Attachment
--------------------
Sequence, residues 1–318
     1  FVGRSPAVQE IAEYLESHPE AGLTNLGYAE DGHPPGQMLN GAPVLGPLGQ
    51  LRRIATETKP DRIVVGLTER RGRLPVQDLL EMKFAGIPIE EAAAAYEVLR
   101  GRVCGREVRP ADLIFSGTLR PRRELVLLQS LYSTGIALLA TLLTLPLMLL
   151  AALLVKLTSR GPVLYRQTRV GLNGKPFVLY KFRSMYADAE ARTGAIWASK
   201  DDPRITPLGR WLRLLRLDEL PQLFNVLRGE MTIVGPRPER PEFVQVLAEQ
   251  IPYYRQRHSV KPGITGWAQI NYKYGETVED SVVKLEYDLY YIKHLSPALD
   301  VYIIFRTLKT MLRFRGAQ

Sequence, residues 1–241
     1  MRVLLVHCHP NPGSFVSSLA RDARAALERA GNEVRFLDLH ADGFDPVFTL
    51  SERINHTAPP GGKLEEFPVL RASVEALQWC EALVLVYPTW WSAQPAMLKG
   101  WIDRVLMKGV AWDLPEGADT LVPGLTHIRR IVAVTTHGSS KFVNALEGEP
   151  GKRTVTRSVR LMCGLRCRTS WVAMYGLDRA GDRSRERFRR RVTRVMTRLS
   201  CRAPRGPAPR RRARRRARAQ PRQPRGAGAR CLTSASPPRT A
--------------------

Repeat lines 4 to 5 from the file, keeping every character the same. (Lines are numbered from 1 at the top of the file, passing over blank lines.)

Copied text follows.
   101  GRVCGREVRP ADLIFSGTLR PRRELVLLQS LYSTGIALLA TLLTLPLMLL
   151  AALLVKLTSR GPVLYRQTRV GLNGKPFVLY KFRSMYADAE ARTGAIWASK